Lives of Angels, who came out of Mystery Plane, are a duo formed in 1983 by Gerald & Catherine O'Connell. They have appeared on all of the "An Hour of Color" series of compilations, and had their first release on Color "Elevator to eden", now revised by Fire Records - timeless pop music. WeR7 (pronounced We are Seven) first appeared on Conventional Tapes in 1980 with the very experimental "Disquiet Music" C60. The line-up was Tony Clough, myself and Dave Morgan (we were also known as The Ordinary then, too, as well as A.D.H.). The name WeR7 was ditched for a few years. In 1982 Tony and myself recorded some experimental tracks, and decided to reactivate the name WeR7 on the C60 "Dance to This", on Music For Midgets. Another experimental tape followed, but it was much more commercial, "Rock 'n' Roll is the Most" - a C60 also on Music for Midgets. It wasn't until the next release, "Mental Town", that WeR7 first appeared on Color. By this time, WeR7 had really evolved into Tony doing most of it, with myself contributing ideas, but not much music, and the sound of WeR7 could be described as a sort of mish-mash of styles from pop/rock/experimental with lots of tape effects. Since then WeR7 have only contributed to the "An Hour of Color" compilation tapes, but have been developing their unique sound. A new tape on Color is being compiled. A sort of "Best of" WeR7, right across the board type thing with material from way back to 1976 up to the present with WeR7 of 1985.

Modern Art come into the category of not being able to pigeon-hole. Do you make an effort to switch styles and consequently stretch yourself musically?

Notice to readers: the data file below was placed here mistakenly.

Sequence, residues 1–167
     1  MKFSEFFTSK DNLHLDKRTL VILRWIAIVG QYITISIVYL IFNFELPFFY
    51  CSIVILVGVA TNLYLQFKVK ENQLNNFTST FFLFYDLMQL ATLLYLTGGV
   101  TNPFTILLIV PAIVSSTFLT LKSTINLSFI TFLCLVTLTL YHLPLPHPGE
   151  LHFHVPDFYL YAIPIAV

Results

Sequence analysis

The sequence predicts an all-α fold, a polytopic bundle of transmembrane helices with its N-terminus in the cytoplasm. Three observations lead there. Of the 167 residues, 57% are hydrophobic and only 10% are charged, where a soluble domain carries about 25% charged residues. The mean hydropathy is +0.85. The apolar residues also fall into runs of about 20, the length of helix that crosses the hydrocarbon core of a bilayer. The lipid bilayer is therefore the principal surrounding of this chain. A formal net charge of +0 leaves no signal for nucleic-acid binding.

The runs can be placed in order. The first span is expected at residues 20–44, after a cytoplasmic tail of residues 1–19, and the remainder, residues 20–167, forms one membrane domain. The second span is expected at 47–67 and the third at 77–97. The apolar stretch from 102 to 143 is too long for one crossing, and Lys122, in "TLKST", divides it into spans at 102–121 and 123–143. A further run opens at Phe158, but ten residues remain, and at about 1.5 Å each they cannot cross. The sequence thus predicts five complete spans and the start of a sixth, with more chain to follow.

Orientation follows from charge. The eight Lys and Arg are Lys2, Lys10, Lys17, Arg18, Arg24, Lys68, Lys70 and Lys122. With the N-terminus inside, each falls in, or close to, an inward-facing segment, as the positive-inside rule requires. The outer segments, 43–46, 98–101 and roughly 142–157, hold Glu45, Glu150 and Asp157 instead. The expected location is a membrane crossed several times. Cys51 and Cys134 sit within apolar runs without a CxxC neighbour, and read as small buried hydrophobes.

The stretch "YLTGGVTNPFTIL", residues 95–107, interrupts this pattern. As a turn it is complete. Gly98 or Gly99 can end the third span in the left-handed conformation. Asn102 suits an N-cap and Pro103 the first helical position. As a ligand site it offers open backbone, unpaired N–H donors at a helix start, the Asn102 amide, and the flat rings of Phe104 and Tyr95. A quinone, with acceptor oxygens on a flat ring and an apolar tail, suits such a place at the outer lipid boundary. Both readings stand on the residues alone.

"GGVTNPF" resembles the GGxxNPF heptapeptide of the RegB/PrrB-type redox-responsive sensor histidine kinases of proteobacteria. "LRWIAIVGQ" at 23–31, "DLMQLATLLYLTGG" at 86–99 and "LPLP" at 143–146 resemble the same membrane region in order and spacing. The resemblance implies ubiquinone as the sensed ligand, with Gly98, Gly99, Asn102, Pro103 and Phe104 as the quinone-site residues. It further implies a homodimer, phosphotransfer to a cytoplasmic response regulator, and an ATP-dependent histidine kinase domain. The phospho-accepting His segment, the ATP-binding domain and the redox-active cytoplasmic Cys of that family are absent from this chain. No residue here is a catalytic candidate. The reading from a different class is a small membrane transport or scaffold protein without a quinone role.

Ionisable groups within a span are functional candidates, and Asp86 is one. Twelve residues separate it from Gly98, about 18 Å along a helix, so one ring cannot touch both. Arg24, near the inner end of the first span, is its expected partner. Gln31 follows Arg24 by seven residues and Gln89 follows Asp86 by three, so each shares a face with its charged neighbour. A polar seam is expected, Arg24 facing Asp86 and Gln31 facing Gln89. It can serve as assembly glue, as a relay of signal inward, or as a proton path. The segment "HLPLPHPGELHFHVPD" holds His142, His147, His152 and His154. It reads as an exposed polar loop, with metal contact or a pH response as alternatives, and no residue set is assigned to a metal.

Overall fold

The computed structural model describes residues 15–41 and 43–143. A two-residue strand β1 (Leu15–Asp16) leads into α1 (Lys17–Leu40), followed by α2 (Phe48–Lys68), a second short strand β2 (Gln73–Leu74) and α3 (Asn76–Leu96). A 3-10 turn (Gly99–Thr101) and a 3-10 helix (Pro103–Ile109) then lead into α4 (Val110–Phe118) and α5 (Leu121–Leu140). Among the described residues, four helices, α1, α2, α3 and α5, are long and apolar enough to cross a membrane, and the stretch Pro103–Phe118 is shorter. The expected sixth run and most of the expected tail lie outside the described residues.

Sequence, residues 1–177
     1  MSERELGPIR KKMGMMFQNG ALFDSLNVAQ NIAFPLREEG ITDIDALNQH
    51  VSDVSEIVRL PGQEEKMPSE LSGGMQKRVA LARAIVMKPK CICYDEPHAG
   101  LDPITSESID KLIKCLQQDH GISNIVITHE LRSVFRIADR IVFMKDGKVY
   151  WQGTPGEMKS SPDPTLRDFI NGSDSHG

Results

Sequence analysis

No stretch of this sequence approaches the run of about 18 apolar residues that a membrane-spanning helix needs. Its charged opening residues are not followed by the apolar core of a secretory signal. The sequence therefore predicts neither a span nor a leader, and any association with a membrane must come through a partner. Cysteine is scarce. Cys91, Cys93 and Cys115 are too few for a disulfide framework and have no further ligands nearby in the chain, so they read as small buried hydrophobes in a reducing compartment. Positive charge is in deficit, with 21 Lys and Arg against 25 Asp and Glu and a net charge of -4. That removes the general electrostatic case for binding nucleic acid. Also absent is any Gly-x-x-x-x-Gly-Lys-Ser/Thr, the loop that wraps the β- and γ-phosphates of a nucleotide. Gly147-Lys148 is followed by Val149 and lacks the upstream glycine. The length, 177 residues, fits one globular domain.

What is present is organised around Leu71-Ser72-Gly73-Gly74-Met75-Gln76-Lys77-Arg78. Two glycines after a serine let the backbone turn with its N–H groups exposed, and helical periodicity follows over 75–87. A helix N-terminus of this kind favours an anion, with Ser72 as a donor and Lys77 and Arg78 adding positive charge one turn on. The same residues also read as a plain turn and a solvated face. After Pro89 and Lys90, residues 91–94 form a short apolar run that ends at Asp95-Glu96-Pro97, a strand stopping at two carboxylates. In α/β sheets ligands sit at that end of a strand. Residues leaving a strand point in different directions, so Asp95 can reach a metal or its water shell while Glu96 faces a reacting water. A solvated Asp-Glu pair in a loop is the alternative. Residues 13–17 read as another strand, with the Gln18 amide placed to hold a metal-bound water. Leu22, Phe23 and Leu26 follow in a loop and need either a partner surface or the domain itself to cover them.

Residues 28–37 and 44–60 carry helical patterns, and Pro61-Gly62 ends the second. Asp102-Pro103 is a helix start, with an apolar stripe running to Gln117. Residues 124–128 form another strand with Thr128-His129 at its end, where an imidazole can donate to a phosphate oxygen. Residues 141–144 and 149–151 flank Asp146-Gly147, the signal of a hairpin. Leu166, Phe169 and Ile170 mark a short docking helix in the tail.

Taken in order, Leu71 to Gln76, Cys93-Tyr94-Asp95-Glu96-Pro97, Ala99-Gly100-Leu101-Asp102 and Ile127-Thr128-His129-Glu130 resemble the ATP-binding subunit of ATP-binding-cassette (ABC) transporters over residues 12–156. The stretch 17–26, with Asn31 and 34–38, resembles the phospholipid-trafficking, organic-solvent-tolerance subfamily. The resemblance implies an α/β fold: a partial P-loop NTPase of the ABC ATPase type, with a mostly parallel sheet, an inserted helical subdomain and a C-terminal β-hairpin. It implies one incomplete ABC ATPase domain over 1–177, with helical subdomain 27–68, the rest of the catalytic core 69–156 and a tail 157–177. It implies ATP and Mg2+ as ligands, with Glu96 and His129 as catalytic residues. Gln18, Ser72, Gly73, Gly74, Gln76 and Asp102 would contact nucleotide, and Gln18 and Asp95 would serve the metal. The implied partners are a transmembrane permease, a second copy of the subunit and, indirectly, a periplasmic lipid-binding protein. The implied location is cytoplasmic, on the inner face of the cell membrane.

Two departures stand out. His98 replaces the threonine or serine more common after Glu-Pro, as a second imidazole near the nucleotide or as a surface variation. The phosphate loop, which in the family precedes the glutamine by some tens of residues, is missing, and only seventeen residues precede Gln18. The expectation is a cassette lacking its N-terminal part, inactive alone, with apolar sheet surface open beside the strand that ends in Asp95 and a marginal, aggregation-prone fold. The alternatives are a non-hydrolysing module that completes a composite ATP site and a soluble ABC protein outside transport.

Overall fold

I don't consciously think, O.K., Modern Art are going to play in so and so style today, it just happens that sometimes Modern Art are more classical on some recordings and then it's back to pop on the next. I think that it is good not to be piseon-holed. I think there are too many groups who are guilty of finding a fomula and sticking to it. There's nothing wrong in that, but when you pick up a M.A. product, you can't really be totally sure of what to expect, so it's a bit more exciting.

Have Modern Art appeared on any compos apart from Color?

Modern Art have appeared on many compilation tapes/records - many have been tapes where the label have failed to tell me they've used tracks, which is very annoying... "A Tribute to Jo Change" (MFM), "Skin Talk" (101 International), "Band-It 14" (Band-It), "Sound of Color" (Rain Tapes), "MFM Sampler" (MFM), "Independance Promo" (Independance, some I can remember! (MA are also featured on the P&F Compo).

You seem to have an open ear for all kinds of music as regards Color - will this continue or will things become more channelled into one type of music?

Color have been really getting organised over a period of about two years. Basically, all of the Color bands can be classified under pop - I don't want to change that. I wouldn't want to release records/tapes by any other groups, because working with a smaller number of groups is better, and the Color groups are related, anyway.

Do you have any strong links with other indie labels, and, if so, who in particular?

As Lives of Angels have now reissued their Color Tape release "Elevator to Eden" on Fire Records, we've built up a good contact with them. Fire is run by Johnny Waller and Clive Soloman. I think there could be a joint Color/Fire release at some point in the future.

You also publish a fanzine, "Purple Twilight"; does this mainly feature indie bands and, if so, deliberately, as opposed to seeking i'views with bigger names?